Over the weekend I attended the Square Roots Festival in Lincoln Square. The festival raged with folk music, over 30 craft beers, street food, music workshops and children’s dance-and-sing-along songs. Upon walking into the festival on Lincoln Ave, between Wilson and Montrose, there were volunteers asking for a $10 donation. The donations help fund the Old Town School of Folk Music scholarship programs and Ravenswood Chamber of Commerce farmers markets and concerts. Many of the musicians performing over the weekend were students and teachers of the school.
It was rather hot on the street and lots of families had taken to sitting against cool buildings in the shady sides. It was crowded with people as well as 12 food stands and four beverage stations. To make any purchases, I had to trade my cash for tickets. Outside were two stages: North Stage and South Stage. Some of the activities and music of the festival was actually inside the Old Town School of Folk Music building, but I preferred to stay on the street. There was so much to do here and several acts that were almost simultaneous.
The first thing I wanted to do was get a cold beer in my hand, but the selection was vast and I had never tried any of the beers offered before. So, I took a bit of time choosing and eventually ended up with a Lagunitas Dogtown Pale to cool off with. It seemed all the adults had the same idea and there was a small crowd in line for drinks.
Next, with a refreshing beer sweating in my hand, I headed down to South Stage to see Congress of Starlings. This group was rocking. There were women dancing in the front, lots of bearded men standing along the sides of the street to take advantage of the shade and a row of people standing the sun in the street, listening and bopping to the tunes. The band was fantastic and fun to watch. It was clear the audience held a bunch of fans and the music transitioned from fast folk with gorgeous harmonies to something psychedelic in feeling. The band is made up of front ladies Andrea Bunch and Aerin Tedesco. When I went home later I found their website and listened to more of their songs streaming online.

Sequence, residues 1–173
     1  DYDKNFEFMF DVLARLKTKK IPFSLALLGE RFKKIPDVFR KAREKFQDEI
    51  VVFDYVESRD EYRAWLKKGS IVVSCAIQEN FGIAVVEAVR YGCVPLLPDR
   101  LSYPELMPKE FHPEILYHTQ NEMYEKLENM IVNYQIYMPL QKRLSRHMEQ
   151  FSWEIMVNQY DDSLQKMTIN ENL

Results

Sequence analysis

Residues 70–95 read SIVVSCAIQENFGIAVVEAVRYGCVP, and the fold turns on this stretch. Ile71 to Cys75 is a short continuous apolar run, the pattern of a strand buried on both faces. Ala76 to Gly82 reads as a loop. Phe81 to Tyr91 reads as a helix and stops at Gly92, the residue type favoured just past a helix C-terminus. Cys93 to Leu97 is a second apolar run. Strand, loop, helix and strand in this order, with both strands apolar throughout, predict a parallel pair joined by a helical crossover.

When the set closed to loud applause, I wandered back down Lincoln to find some food and landed on sweet potato fries, a personal favorite. I took these to the North Stage, which seemed to be the family stage as there were small children and strollers abundant. There was no shade here, but little stand-up tables to eat from and watch the act on stage. Next up were the Jazzettes, a group that demonstrated some jazz moves and then allowed the audience to try it for themselves. Little girls everywhere were squeeling with delight over the uniformed pink dancers.
Getting too hot and finishing my fries, I went off to find another drink and shop at one of the many crafty tents. On the bustling street there were the typical festival tents selling tie-dye, jewelry, long dresses and home products. Also, a few local businesses were promoting their services. I didn’t buy anything, but these kinds of places are always fun to browse.
My next drink was recommended by a volunteer, a Hinterland White Cap. It was very light and delicious. The Rabbit beer tap was just about the coolest piece of metal I had ever seen and I regretted not trying one.
On the street I encountered a group of five musicians all playing strings. The focal point of this group was the young boy they had playing with them. It was really fun and people were stopping in the middle of the street to clap along.
Finally I decided I wanted to try something else and bought a bacon sausage from Big Fork. The staff was wearing hilarious shirts of a unicorn and pig, depicting the mythical way the delicious food is made. This, too, was fantastic and very filling.
While I was eating, another group of three young men started playing more music with a makeshift drum, a guitar and great vocals. These guys were soulful. Everywhere I walked little groups of musicians would crop up on the sidewalk, playing to anyone walking by and many garnered groups around them. To me, this music is very honest. It’s right there on the street waiting to be heard, and I was very happy I had come to listen. This is a corner of Chicago I don’t often visit, but to many, this is obviously a heartland of great folk music. The family-oriented festival really had something for everyone, and I got a great taste.
For more information about the Old Town School of Folk Music, visit http://www.oldtownschool.org/
To check out Congress of Starlings, visit their website at http://www.congressofstarlings.com
For a full lineup from the Square Roots Festival, see http://www.squareroots.org/